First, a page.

As every good seaman knows, a salty dog is an experienced sailor savvy enough to do the right thing when confronted with a problem. That’s exactly what the Navy’s X-47B unmanned aircraft -- with the call sign “Salty Dog” -- did when an onboard computer failed as the drone attempted its third arrested landing on the USS George H.W. Bush aircraft carrier off the coast of Virginia yesterday.
The X-47B already had completed two landings, including the historic first carrier landing of an unmanned aircraft on a flight from Naval Air Station Patuxent River.
The second landing followed less than an hour later after a launch from one of the carrier’s catapults. After a second catapult launch, the drone zoomed around for yet another landing. That’s when one of three redundant onboard computers failed, four miles from the carrier deck, as the aircraft approached for its third landing.
In a briefing for reporters Thursday, Rear Adm. Mat Winter, program executive officer for Unmanned Aviation and Strike Weapons, said the aircraft’s computers constantly poll each other’s health. When two computers detected the failure of the third, the aircraft executed an “autonomous wave off” -- it pulled up and awaited instructions from an onboard, human mission control operator.
Due to safety considerations, flight testers decided to forego the third carrier landing and directed the X-47B to land at NASA’s flight facility at Wallops Island, which was closer to the carrier than the Navy’s Patuxent River facility. Winter said the failure of the computer wasn’t a big deal in a test program. “As in every test, we have some anomalous behavior,” he said.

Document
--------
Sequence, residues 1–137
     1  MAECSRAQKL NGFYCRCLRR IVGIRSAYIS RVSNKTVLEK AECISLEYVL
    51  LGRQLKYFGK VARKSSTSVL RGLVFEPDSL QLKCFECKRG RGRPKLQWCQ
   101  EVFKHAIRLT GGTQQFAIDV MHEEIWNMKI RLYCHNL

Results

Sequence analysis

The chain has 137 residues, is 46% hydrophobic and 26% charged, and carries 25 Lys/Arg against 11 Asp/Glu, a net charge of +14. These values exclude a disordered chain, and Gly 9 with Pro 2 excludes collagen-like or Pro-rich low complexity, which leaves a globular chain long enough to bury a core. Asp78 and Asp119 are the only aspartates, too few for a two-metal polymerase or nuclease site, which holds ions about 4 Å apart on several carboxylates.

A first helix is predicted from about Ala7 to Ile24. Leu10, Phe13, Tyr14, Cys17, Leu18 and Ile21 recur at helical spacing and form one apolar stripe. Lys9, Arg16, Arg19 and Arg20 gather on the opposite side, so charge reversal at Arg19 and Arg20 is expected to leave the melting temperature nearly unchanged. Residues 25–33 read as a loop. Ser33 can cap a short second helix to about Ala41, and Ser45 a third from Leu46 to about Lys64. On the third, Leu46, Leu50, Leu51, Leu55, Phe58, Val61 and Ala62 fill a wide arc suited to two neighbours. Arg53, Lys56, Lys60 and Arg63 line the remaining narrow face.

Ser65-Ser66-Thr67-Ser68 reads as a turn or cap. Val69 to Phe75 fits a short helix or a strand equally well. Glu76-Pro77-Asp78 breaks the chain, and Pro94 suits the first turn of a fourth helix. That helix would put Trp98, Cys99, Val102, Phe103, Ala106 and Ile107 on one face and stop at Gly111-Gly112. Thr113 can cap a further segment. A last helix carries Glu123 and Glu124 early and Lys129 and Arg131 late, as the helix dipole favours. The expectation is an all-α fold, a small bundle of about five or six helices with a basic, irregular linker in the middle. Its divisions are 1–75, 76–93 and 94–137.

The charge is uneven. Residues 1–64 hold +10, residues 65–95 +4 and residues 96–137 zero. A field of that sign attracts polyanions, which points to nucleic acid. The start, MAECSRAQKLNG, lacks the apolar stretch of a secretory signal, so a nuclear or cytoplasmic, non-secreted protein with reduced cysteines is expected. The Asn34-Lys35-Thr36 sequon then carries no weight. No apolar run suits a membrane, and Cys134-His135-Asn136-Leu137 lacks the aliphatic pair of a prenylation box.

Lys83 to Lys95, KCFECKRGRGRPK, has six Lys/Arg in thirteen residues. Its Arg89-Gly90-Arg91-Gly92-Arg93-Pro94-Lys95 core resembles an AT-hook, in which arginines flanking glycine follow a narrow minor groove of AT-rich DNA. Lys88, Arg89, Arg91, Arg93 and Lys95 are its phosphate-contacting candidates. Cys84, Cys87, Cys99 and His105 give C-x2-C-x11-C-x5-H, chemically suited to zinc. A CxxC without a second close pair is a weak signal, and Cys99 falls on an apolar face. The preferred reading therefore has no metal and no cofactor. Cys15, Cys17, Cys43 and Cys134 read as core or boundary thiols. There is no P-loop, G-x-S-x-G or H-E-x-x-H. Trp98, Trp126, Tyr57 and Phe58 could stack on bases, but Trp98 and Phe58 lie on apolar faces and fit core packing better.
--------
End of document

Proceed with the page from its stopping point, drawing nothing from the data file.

Carl Johnson, vice president and program manager for unmanned combat air systems at Northrop Grumman, which developed and manufactured two X-47B aircraft under a contract with an estimated value of more than $800 million, said fixing the failed computer may require an exercise familiar to anyone with a PC -- reboot it.
On the two completed landings, the X-47B came within inches of the planned landing spots on the deck, Johnson said, which he described as a “phenomenal performance.”
Capt. Jaime Engdahl, program manager for the X-47B, said the aircraft can land with such accuracy because it uses a more precise version of Global Positioning System technology installed onboard the ship and the aircraft that determines the location of both the ship and the aircraft in real time.
Winter said this information is transmitted over the government-owned Tactical Targeting Network Technology waveform, which can transmit data at a maximum rate of 10 megabytes per second with a range of 300 nautical miles.
The Navy plans to conduct additional test landings on the same aircraft carrier July 15 and later this year will test air-to-air refueling tests with a Learjet equipped with the same systems as the X-47B. The X-47B program is funded through the end of this year, after which the Navy will retire the two demonstrators and offer them to museums, Winter said.
Winter said lessons learned from the X-47B program will help the Navy develop future generations of carrier-based unmanned aircraft.